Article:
It definitely sounds like you’ve been busy this year! I find it hard enough getting out for one or two sunrises a week during the summer months so I admire your dedication. I found this image (below) on your website which I think really sums up the diversity of your photography. A stunning panoramic view showing both the end of a day and the start of the night. Since you work on both sides of the coin, do you think there is anything that a run-of-the-mill landscape photographer needs to learn if they want to progress in astrophotography? Or do you feel like all the skills are pretty much transferable?
RJ: That was one thing that I think kept my photography rapidly progressing so quickly, learning new techniques about editing. It’s definitely helped lots.
Thank you! I’d say if anything, you’d just need to learn about long exposure photography. Once that all clicked for me, everything in astrophotography started to make sense. There’s quite a bit to learn, but it’s nothing harder than learning what you already know about photography. You’re playing with light now over a period of time, this is going to take lots of time to master. There is a group on Facebook called “Milky Way Chasers” and I’ve been a part of it for a few years now. I’ll mostly check out what other group members are posting and ask whatever question comes to mind. The community there is usually really helpful and (most times) will answer your questions.
Click and Learn: Thanks for that, I’ll link the Facebook group here so anybody interested can take a look. [Facebook group here]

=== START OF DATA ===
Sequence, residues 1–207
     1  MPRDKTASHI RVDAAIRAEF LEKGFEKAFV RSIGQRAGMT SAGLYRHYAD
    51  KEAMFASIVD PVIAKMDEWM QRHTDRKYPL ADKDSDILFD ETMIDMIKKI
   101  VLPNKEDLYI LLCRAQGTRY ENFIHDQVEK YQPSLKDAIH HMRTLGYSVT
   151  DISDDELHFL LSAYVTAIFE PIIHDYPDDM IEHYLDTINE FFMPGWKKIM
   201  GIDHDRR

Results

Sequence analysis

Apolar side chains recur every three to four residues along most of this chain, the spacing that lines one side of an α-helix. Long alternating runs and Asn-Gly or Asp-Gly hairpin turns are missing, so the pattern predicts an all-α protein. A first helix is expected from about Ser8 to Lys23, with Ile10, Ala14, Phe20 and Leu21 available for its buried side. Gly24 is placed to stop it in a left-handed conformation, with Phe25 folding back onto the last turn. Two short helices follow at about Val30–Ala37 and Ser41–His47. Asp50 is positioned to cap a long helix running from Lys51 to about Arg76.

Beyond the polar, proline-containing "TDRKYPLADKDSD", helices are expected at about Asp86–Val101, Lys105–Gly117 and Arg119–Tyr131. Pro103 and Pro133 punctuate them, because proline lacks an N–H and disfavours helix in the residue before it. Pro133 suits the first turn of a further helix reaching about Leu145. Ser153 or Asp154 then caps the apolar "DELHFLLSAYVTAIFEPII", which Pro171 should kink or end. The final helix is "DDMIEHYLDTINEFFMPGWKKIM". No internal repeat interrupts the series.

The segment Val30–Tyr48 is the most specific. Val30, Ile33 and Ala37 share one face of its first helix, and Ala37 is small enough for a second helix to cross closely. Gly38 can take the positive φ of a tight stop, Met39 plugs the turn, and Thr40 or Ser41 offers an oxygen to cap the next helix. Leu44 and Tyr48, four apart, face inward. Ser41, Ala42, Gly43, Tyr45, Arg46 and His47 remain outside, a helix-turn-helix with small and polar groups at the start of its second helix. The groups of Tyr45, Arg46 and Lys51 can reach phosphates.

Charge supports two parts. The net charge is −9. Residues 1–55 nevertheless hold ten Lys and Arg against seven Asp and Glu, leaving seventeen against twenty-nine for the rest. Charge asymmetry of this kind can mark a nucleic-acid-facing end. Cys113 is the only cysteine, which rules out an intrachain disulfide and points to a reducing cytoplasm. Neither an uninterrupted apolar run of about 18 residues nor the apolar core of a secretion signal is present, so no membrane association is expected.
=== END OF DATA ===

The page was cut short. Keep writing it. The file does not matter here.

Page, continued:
Finally, do you have any specific plans for the future with regards to your photography, or are you just letting it take you wherever it takes you and enjoying the experience?
RJ: I have a few things left on my Milky Way list, but really those are just goals for 2018 and if I can’t complete them this year I’ll throw a couple of them over to next years list. No really specific plans, just try to keep shooting as often as possible. I’m kinda letting my camera and spontaneous ideas guide me as I go.
This was a lot of fun, thank you for the opportunity and for involving me on your site.
RJ Franklin is a 29 year old landscape and astrophotographer living and working in Yosemite Valley. He’s spent the last five years exploring this iconic national park as he searches for unique takes on some of the most photographed landscapes in North America. See more of his work below.
The Photographer’s Glossary – A Guide to Common Photography Terms
Photography in the Rain – Making the Most of a Rainy Day
Ultimate Guide to Forest Photography
About Alex W.
Alex is the owner and lead writer for Click and Learn Photography. An avid landscape, equine, and pet photographer living and working in the beautiful Lake District, UK, Alex has had his work featured in a number of high profile publications, including the Take a View Landscape Photographer of the Year, Outdoor Photographer of the Year, and Amateur Photographer Magazine.